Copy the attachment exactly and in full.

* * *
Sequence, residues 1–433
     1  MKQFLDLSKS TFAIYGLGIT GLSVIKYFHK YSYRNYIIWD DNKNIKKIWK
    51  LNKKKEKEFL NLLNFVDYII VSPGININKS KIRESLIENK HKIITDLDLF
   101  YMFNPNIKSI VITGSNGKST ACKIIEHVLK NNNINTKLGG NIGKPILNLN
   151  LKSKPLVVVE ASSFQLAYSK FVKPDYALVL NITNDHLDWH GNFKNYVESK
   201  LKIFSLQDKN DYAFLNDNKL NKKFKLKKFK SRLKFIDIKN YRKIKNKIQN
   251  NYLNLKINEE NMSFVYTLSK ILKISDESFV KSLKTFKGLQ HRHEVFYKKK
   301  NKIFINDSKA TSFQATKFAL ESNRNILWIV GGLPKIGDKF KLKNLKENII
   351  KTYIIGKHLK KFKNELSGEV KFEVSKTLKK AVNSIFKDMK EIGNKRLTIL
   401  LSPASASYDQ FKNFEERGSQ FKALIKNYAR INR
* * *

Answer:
Sequence, residues 1–433
     1  MKQFLDLSKS TFAIYGLGIT GLSVIKYFHK YSYRNYIIWD DNKNIKKIWK
    51  LNKKKEKEFL NLLNFVDYII VSPGININKS KIRESLIENK HKIITDLDLF
   101  YMFNPNIKSI VITGSNGKST ACKIIEHVLK NNNINTKLGG NIGKPILNLN
   151  LKSKPLVVVE ASSFQLAYSK FVKPDYALVL NITNDHLDWH GNFKNYVESK
   201  LKIFSLQDKN DYAFLNDNKL NKKFKLKKFK SRLKFIDIKN YRKIKNKIQN
   251  NYLNLKINEE NMSFVYTLSK ILKISDESFV KSLKTFKGLQ HRHEVFYKKK
   301  NKIFINDSKA TSFQATKFAL ESNRNILWIV GGLPKIGDKF KLKNLKENII
   351  KTYIIGKHLK KFKNELSGEV KFEVSKTLKK AVNSIFKDMK EIGNKRLTIL
   401  LSPASASYDQ FKNFEERGSQ FKALIKNYAR INR